I gave everybody some clues on who their character was, which would drive how they delivered their lines. But I kept reminding everybody that there’s a lot of melodrama in the scene itself from the information in the dialogue. You don’t want to cancel that out with a melodramatic performance. I wanted to heighten the drama of the melodrama by having the performance really drained of affect. I think it’s actually more authentic to real life than we might imagine. In real life, often times the most traumatic information is delivered not in a bloodcurdling scream or tears. It’s delivered in a really flat way because it’s really hard for someone to get out their mouth – “I want a divorce” or “your father just died” or “I don’t know where my child is.” Even though the performances can feel like they’re not totally grounded in reality, I actually feel like they might be more authentic than we usually see in films.
How do you find the tonal balance in a film where you have both naturalistic scenes of domestic malaise as well as a talking tiger T-shirt?
Aside from just the fact that the tone can shift from scene to scene, or even within a scene, there’s so many people and storylines to keep track of that it would be easy for this to turn into just a tangle that no one had any time or interest to untangle. I think there are people out there who have no interest in untangling Knives and Skin, which is totally fine by me. But it was something I was aware of in the writing process, even, making sure that I could maintain that tone from scene to scene by continuation of a color or part of the score. So even though you’re watching something emotionally shift and bend, or you’re watching a character’s arc shift and bend, the palette or score remains consistent over three or four scenes. You’re tricked into imagining that they’re all part of the same process.
Communication, whether it’s something the characters say to each other and something you divulge to the audience, makes for such an interesting part of the film. How did you determine the manner in which an idea gets conveyed, be it the subtitled whispers or the Magnolia-esque group singalong?
That was also part of the writing process. There were countless drafts. But so many scenes that, in the end, feel seamless in the story went through multiple iterations. The talking tiger shirt was in there from the beginning because it was something I tried in a short film that didn’t work. At that point, it was a talking parrot, but it didn’t work because we couldn’t get the visual effect to work. I was like, “we’re going to jettison it from this short film, but I’m going to use it again!” That was always in the script.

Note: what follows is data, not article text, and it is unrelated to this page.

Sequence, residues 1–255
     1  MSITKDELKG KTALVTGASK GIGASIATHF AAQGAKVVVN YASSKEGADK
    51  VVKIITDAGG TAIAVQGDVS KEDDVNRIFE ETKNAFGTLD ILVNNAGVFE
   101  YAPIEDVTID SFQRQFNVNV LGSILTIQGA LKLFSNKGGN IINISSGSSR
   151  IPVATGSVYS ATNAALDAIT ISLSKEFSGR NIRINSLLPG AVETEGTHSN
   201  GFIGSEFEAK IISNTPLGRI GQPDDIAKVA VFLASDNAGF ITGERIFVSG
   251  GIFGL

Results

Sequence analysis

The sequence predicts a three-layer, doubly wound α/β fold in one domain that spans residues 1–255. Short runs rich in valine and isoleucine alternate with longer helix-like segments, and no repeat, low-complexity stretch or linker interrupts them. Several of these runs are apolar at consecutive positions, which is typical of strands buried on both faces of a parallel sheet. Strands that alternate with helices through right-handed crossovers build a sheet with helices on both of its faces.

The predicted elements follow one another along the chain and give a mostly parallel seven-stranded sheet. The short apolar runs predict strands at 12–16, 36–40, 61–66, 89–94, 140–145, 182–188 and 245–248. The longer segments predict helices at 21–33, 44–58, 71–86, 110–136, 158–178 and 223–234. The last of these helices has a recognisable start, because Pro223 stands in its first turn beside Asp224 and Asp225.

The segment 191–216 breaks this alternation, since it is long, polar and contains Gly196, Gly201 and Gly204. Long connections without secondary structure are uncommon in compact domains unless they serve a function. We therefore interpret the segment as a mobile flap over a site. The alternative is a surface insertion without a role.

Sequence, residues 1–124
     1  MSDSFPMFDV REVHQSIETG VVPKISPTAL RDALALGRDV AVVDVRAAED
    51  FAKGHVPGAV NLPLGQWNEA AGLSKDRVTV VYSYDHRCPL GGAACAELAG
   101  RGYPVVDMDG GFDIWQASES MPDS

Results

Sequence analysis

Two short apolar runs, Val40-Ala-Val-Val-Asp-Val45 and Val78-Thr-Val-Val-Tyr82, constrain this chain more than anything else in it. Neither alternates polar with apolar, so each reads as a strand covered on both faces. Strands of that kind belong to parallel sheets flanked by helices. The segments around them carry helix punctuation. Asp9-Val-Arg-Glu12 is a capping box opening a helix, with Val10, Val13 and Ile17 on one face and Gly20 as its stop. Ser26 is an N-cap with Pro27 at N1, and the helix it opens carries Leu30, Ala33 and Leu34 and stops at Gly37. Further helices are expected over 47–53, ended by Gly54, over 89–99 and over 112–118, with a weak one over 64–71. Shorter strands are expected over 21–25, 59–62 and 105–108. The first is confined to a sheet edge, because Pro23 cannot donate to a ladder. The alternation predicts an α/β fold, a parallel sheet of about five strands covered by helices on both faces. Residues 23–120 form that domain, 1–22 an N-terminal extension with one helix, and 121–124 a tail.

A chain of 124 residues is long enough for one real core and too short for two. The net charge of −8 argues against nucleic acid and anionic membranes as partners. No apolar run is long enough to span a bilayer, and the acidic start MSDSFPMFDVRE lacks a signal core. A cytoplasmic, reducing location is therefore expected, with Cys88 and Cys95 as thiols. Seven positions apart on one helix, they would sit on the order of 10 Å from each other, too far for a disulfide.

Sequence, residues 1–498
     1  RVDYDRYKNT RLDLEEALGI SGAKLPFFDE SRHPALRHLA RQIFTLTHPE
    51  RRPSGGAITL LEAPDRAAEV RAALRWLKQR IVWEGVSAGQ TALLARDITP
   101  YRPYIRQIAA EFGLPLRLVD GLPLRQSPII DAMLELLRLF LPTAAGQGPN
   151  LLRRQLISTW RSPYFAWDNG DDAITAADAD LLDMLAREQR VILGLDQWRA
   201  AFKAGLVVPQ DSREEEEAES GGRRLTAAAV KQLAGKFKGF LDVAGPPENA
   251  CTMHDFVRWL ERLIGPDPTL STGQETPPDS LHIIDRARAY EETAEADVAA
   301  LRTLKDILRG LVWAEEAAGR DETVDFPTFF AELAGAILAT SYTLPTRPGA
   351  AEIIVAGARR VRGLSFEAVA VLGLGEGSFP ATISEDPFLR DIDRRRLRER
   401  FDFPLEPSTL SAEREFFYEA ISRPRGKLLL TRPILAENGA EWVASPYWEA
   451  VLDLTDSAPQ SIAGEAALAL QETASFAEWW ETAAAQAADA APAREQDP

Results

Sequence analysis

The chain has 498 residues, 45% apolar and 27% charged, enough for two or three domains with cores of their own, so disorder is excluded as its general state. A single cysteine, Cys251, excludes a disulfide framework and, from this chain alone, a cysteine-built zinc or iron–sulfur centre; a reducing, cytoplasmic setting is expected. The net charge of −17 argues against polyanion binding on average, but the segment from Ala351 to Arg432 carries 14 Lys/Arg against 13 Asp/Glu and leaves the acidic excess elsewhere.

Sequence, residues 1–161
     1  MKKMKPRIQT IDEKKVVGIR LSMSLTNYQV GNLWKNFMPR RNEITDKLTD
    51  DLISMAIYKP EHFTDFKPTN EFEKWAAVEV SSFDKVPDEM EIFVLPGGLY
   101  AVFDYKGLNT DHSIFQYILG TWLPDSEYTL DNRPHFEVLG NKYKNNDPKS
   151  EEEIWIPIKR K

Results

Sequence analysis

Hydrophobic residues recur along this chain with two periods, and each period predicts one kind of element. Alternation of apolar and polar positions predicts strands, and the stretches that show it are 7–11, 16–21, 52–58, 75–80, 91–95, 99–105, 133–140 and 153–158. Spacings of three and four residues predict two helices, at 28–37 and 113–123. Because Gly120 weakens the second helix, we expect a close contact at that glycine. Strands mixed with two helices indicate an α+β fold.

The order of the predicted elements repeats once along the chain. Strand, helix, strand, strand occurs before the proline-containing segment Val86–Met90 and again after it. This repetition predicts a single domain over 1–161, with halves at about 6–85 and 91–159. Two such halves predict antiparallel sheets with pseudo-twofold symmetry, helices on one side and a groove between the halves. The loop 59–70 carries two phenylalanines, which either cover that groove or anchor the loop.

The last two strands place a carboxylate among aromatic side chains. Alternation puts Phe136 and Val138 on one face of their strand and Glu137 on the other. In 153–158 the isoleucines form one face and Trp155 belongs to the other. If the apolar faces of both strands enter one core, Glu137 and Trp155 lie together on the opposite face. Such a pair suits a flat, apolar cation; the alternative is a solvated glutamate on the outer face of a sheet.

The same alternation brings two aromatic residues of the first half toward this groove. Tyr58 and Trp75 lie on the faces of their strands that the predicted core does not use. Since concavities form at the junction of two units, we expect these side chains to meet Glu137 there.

But an earlier version of the script had that Magnolia moment, but it was just a bunch of people in cars crying. They weren’t singing. But it was the most obvious thing in the world to have them sing at some point. Once I figured that out, I was like, “oh, that’s something.” And the minute I figured out that they should all be anchored to Carolyn’s [body] singing, I was like, “that’s so obvious, why didn’t I figure that out in draft 12?”
I like to subvert someone’s expectations of how information will be delivered, whether that’s factual information about a character or an emotional shift. The reveals in this film, some that are quite big and others that are not big at all, I would stop in the writing process and think, “is this unexpected enough?” Not in a way that’s like, is this weird enough? [I’m] not trying to make something weird for weird’s sake but something that still felt believable to the story, that character, that world. But still had that sense for an audience that they didn’t see that moment coming. Or they saw it coming but not exactly like how it eventually played out on screen.
The film somehow manages to feel both deeply emotionally invested in these characters but also at a slight remove from them at the same time. How do you negotiate that distance?
A lot of that was written into the script. I wanted a lot of the characters to feel pretty opaque for a long time. We’re introduced to them pretty closed off, and [they stay that way] for quite a while. The mom with the talking tiger shirt, she doesn’t open up until the last three minutes of the film. And she opens up a teeny, tiny bit. I meant for that to feel really satisfying, that tiny bit she gives us. It was intentional that a lot of the characters, mostly the moms, really keep everybody at distance for a good while … until they don’t. Part of that was knowing that there are so many other mothers in films that have zero dimension, or we start off with them being completely open and still with zero dimension. We’re not used to seeing moms who are unknowable and dimensional, maybe even unlikeable up to a certain point.